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Are you too healthy?

Thursday, June 2017

Are you too healthy? 

Trainer Kerrie Olson answers four important questions to help tell if you are – in fact – too healthy.

By Harriet Edmund

Did you know it is possible to be too healthy?

The fact is, there’s a fine line between healthy eating and food obsession – and physical prowess and utter exhaustion.

To help you identify the warning signs of entering the dangerous ‘too healthy’ category, Kerrie Olson, Step into Life personal trainer from Mitchell Park, South Australia answers these four important questions.

 

1. Is it possible to be too healthy? 

“We all know that one person who brings their own food to a dinner party, or who needs to know the origin of every element on the plate including how it was grown, processed and prepared. Often, that same person is also pounding the pavement or checking into their fitness group every day.

Is this taking ‘healthy’ a bit too far? I think in terms of being able to survive and function relatively normally in a community – with regular social interactions – our bodies would find it hard to sustain such a workload. Our mind would also struggle with the determination and willpower required to uphold these lofty standards.

However, a well-balanced intake of nutrients, intermingled with regular exercise that builds stamina and retains muscle should be encouraged.”

2. How can we tell if a healthy eating plan turns into an unhealthy obsession with food?

“A tell-tale sign of any obsession is the requirement to create and structure your day around your thoughts, actions and reactions to your subject of interest.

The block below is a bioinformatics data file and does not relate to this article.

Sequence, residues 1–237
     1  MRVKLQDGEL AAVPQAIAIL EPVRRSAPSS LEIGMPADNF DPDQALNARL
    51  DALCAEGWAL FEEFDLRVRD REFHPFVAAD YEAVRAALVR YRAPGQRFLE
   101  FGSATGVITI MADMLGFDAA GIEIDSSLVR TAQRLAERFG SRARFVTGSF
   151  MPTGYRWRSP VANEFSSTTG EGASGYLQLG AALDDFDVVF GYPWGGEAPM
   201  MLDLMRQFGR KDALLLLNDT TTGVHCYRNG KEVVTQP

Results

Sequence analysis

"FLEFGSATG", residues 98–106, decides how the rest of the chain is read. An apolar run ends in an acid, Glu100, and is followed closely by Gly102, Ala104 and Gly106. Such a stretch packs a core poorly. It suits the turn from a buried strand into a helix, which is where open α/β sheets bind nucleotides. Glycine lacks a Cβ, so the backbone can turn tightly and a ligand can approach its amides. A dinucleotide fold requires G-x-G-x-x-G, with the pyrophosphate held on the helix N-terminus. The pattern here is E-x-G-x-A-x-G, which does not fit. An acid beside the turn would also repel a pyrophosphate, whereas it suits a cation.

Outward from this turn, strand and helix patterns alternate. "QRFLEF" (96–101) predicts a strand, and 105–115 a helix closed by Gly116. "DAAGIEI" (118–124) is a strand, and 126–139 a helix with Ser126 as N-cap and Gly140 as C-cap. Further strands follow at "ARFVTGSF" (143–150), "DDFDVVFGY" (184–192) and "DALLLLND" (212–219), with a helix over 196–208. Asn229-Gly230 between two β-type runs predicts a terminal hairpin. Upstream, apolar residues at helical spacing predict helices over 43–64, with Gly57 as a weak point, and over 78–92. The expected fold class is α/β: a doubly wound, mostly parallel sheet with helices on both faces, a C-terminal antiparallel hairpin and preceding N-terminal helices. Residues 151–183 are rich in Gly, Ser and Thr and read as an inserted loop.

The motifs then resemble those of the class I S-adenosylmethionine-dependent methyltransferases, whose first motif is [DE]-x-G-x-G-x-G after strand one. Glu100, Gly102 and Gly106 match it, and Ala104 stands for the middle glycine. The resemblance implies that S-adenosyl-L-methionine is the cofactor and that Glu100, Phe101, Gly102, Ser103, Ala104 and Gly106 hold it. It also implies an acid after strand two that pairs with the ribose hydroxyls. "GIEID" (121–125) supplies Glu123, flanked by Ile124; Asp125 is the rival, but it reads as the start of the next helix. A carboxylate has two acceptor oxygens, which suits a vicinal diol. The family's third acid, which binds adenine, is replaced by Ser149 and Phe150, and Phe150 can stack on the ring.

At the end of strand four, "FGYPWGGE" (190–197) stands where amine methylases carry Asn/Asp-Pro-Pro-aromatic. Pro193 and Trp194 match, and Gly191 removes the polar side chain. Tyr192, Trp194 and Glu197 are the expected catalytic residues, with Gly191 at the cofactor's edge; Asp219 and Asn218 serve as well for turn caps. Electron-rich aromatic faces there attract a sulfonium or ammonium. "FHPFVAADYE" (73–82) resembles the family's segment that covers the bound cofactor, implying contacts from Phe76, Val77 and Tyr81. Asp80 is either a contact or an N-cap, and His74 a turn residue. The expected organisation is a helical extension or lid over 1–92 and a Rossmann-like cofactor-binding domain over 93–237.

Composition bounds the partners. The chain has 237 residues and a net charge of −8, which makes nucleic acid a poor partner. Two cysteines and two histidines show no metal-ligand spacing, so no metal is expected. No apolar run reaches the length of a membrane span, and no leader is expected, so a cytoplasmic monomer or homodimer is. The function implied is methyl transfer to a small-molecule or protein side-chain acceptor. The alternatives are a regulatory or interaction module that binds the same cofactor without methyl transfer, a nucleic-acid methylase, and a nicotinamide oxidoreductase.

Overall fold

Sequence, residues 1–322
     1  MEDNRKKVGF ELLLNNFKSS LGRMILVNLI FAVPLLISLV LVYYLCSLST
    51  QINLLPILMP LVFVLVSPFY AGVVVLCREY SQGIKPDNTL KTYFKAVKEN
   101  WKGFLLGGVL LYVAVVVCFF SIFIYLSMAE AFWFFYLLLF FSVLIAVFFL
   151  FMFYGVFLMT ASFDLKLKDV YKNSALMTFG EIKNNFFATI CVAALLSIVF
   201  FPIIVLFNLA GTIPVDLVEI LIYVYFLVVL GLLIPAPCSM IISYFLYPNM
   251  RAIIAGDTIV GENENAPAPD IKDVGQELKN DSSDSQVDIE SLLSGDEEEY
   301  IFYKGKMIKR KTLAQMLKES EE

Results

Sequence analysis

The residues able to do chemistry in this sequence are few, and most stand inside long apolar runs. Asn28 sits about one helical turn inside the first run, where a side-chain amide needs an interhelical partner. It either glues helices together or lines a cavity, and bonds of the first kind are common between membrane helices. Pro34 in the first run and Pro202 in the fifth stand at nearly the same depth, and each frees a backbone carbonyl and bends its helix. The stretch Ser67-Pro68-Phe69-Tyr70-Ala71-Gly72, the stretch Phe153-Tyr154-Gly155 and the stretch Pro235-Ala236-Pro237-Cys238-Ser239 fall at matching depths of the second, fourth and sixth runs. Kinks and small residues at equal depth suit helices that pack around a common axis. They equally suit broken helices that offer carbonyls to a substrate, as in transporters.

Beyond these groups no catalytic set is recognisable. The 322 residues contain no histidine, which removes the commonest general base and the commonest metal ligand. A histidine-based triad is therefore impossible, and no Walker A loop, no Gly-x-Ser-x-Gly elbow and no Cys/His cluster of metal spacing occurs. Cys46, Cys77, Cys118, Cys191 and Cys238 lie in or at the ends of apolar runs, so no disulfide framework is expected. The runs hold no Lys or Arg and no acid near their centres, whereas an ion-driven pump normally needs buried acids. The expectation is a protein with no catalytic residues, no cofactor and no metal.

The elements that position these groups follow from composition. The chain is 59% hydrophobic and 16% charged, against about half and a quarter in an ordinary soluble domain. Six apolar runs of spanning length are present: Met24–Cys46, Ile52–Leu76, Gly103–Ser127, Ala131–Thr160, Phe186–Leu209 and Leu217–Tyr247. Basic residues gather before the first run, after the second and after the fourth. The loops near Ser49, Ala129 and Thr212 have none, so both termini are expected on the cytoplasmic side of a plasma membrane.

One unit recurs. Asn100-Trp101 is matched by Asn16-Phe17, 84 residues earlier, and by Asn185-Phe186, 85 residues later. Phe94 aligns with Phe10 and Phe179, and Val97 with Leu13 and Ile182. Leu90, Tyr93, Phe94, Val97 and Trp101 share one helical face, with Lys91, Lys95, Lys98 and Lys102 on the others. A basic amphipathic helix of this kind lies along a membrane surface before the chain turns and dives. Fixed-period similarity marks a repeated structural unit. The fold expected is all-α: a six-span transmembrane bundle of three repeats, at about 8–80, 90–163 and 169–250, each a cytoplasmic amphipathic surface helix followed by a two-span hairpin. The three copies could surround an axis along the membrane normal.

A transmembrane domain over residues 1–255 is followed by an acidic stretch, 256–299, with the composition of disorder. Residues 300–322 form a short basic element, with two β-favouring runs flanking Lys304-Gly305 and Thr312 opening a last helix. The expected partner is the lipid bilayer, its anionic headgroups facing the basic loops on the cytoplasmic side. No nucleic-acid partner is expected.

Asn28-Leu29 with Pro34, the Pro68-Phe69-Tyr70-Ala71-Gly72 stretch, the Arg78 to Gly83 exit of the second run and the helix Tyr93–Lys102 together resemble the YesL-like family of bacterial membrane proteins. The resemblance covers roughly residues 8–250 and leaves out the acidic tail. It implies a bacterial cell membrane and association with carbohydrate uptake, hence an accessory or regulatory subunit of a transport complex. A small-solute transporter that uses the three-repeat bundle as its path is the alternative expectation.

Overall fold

For example, if you cannot go to work without stepping on the scales multiple times, or you’re unable to consume food that hasn’t been macro-graded, or you simply cannot face skipping one day of exercise, it’s highly likely you have an unhealthy obsession with your weight or fitness level.”

3. What are some physical symptoms of over training to watch out for?  

“These factors will vary between people, but here are some general things to watch out for:

  • Muscles that are always sore beyond what used to be considered normal;
  • Niggling injuries that don’t get enough rest time to repair and regenerate;
  • Tiredness and inability to sleep because your body is always trying to catch up metabolically;
  • Plateaus in muscle and speed gains, as well as weight loss pauses; and
  • Increased sickness due to low immunity and insufficient nutrient levels.”

4. What are some psychological signs of becoming addicted to health and fitness?

“As well as experiencing daily anxiety about food intake and exercise output, other psychological signs of becoming addicted or obsessed can be moodiness and depression. This is caused by hormone imbalances, sleep and nutrient deficiencies, low self-esteem and motivation relating to reduced fitness gains and the lack of a final, achievable end-point.


Your trainer will be able to recognise many of these symptoms as well as your training buddies, so while you always have a safety net with your Step into Life crew, self-awareness is also important. And, if you have any medical concerns you should always see your GP.”

If you found this article interesting, you might also like to read Kerrie Olson’s advice on When to listen (or not) to your inner voice.

 


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Are you too healthy?